OCD As a Psychological (Trauma) Response to Bully

Comet N.
2 min readMay 26, 2024

Acquired perfectionism typically defines the traits of a person with an obsessive-compulsive disorder (OCD). The brain is constantly interpreting fear, anxiety, and other uncomfortable feelings, as avenues to “behave” to get rid of them. This is mainly due to the aftermath of a traumatic experience – fresh or old.

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Some of the experiences that can cause one to exhibit OCD tendencies include bullying, hypercriticism, and pure abuse, to mention but a few.

Bullying teaches the mind not to trust or love itself. As such it forces the victim to behave obsessively with perfectionistic goals – be it with how they treat themselves or others.

Hypercriticism is normally an after-effect of a traumatic experience, it makes one believe in extreme measures to motivate themselves. As such adopting hypercritical means to attain a perfectionist goal.

Abuse, in any form or manner, can dampen one’s ability to love or trust themselves. Childhood abuse is usually the orchestrator of many advanced types we see and hear of these days. As such a child may grow up with a distorted esteem and to correct it in adulthood develop maladaptive ways in the process. Such as having a perfectionistic way of pursuing or managing a feat.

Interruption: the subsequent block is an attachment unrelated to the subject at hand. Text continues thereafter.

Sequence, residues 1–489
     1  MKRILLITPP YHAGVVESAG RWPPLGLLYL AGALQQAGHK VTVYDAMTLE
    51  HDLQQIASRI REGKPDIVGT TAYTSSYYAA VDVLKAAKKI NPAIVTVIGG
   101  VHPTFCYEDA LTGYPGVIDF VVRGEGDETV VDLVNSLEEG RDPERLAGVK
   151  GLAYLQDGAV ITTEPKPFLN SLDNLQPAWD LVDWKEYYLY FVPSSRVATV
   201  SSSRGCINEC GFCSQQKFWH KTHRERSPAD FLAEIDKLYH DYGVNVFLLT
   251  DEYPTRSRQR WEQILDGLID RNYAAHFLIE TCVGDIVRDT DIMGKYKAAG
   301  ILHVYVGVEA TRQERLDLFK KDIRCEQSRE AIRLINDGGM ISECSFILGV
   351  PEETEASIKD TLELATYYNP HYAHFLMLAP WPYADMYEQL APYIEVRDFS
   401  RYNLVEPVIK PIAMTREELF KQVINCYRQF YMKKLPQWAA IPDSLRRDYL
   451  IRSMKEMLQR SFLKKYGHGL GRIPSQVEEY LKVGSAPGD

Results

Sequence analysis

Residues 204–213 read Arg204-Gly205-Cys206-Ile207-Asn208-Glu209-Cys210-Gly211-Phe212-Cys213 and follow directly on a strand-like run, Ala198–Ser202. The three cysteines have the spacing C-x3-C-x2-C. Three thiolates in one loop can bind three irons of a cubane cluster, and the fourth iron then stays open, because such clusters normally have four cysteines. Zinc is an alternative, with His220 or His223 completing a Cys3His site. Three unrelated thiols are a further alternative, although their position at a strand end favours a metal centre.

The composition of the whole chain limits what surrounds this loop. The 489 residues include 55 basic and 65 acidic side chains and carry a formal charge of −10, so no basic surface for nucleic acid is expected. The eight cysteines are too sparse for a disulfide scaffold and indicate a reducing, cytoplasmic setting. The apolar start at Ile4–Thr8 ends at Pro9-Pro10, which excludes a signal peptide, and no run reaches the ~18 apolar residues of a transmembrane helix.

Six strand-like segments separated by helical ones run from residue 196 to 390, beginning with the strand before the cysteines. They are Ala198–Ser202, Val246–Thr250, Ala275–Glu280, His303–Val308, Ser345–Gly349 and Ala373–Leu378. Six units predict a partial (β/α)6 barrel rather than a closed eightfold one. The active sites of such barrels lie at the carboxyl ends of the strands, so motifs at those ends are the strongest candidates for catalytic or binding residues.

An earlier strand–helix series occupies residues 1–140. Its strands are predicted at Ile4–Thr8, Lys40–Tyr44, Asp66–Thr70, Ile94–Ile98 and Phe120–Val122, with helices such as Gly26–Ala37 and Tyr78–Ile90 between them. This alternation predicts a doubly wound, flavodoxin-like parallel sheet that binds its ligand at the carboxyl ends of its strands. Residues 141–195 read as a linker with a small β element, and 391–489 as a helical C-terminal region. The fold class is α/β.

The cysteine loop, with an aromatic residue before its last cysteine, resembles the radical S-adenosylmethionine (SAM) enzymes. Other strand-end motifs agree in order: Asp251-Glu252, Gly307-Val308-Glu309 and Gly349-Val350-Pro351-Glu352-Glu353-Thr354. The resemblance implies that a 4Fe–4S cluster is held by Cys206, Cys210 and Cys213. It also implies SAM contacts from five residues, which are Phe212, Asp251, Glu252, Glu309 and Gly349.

Understanding the strong impact of OCD, such as burning out from exhaustive means of attaining perfection, will enable its management. Likewise, ways one can display its symptoms.

The likely traits of one with an OCD spans beyond cleanliness and orderliness, it also encapsulates how one thinks and lives life. The sufferers are usually aberrant and erratic in their thinking and decision-making, they’re repetitive with their behavior and almost difficult to course-correct.

However, the advantages are thoroughness and consistency, despite the disorder aspect.

Whenever you encounter someone with OCD, it begs you to be compassionate toward their ordeal. The majority of the sufferers do not know they’re suffering from it and most can’t help it even if they do. Rather than take a jab at them by reminding them of how extremely clean and organized their closet or pantry seems, be forthright also with them about seeking help or aiding them.

If you think you suffer from OCD, you are best diagnosed when you visit a mental health professional, who will evaluate you and give you the best possible approach or therapy, (practical or otherwise), to manage your symptoms. It often begins with your ability to be mindful of your daily habits and how the symptoms interfere with your life before seeking help. If you’re a sufferer or a recoverer, you must be aware that OCD is treatable, you can either enable or disable it. It gets better as you control the voice in your head. Good Luck too.

Thanks for taking the time to read

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Comet N.

A girl who writes & addresses toxic hidden agenda in the form of topical issues whilst digesting their relative life lessons. I can't alone— It's a ‘let's all’.